Every bank has different parameters for determining who they’ll offer loans to and at what rate, so it’s always worth it to shop around and compare offers. This could mean looking at traditional banks, credit unions, and online-only lenders.
The pre-qualification process might be slightly different from lender to lender, but in general it is quite fast once you submit some basic financial information and make a request.
Interest rates are important, but that shouldn’t be the only thing a potential borrower considers. Ask about late fees, prepayment fees, origination fees, application fees, or any other fees that may cause a loan to be significantly more expensive over time than it seems at first. If you are not clear on what fees are being charged and how much a loan will cost, don’t be afraid to ask questions until you understand.
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Applying for a Loan
Once you’ve decided on a lender who can help you refinance to a new loan, it’s time to formally apply. You can get a head start by gathering all the pertinent documents, such as pay stubs and recent tax returns, so that the lender can verify your income and other financial information. It’s also recommended to request a loan payoff statement from the lender of the loan being refinanced so you’ll know exactly how much is owed on the loan.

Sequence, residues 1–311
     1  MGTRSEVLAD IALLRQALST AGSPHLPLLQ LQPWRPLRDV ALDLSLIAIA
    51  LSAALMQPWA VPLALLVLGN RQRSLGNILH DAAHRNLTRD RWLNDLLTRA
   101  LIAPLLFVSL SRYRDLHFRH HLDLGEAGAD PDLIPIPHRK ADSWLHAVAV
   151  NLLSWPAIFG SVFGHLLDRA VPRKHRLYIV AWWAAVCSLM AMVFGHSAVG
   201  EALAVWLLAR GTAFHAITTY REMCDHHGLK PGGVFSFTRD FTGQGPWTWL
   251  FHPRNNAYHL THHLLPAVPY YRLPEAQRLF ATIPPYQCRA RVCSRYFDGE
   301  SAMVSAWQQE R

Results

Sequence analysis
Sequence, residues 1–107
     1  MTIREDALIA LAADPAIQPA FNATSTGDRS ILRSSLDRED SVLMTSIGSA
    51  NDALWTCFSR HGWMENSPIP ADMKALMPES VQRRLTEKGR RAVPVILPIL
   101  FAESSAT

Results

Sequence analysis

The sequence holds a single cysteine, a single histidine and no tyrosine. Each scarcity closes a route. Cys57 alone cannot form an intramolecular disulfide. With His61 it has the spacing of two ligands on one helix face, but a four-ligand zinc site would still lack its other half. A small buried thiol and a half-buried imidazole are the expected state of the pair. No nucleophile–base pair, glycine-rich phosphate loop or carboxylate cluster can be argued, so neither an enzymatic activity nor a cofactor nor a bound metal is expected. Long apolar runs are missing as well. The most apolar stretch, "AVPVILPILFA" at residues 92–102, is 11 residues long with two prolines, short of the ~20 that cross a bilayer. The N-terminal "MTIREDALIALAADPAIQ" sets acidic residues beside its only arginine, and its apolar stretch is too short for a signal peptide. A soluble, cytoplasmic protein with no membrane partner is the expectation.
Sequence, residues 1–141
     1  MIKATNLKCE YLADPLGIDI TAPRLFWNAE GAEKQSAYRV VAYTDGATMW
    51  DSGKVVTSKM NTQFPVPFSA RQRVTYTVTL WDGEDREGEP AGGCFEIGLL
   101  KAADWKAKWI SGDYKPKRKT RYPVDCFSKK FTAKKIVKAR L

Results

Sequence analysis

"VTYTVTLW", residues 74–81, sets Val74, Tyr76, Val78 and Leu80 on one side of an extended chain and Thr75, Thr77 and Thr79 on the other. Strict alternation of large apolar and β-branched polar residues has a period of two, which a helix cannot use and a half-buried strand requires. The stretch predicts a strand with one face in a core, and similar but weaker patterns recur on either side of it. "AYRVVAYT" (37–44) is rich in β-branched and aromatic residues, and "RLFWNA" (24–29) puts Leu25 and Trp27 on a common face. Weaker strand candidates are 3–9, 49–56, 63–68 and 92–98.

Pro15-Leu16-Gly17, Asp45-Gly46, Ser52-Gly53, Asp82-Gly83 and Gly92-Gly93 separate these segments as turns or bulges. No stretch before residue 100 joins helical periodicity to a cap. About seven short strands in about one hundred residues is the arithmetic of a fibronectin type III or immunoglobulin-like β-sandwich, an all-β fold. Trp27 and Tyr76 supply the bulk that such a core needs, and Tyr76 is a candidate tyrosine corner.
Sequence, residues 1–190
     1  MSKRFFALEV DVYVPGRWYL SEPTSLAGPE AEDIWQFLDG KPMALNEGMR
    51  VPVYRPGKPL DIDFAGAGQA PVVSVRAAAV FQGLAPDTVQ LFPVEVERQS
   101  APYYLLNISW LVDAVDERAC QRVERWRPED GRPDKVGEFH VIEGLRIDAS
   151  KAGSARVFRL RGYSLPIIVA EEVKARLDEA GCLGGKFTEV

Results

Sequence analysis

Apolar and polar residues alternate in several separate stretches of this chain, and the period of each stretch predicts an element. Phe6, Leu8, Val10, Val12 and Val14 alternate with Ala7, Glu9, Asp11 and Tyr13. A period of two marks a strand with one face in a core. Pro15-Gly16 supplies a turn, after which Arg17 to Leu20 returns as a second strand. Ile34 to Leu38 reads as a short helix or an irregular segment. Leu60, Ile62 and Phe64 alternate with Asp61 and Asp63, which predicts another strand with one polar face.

If you are applying online, there is generally some sort of portal through which you can upload documents. For a traditional lender, you may need printed copies of the documents.
Paying Off the Old Loan
When the funds are ready to be distributed, the borrower will need to designate where the funds will be sent. This information is typically included in the loan payoff statement. Some lenders may only send the money directly to the borrower, who then must turn around and pay off the loan. Other lenders may be willing to pay the old personal loan off directly. For a personal loan refinance, the latter may be easier for the borrower, as long as there aren’t any additional fees to do so.
Either way, it’s a good idea to follow up with the lender of the original personal loan to make sure that it is paid off in full. If your new lender is paying the old lender, they should send you a confirmation. If you do not receive a confirmation, check directly with the old lender for verification that the loan was paid in full.
Can you refinance a personal loan? Yes, it is possible. Whether it’s right for your specific financial situation is altogether different. Determining your goal for refinancing is the first step, followed by looking at your overall credit health and finding a lender you feel comfortable working with.
SoFi Personal Loans charge no origination fees, prepayment penalties, or late fees. With low, fixed rates and a variety of repayment terms, SoFi might be an option that will work for you.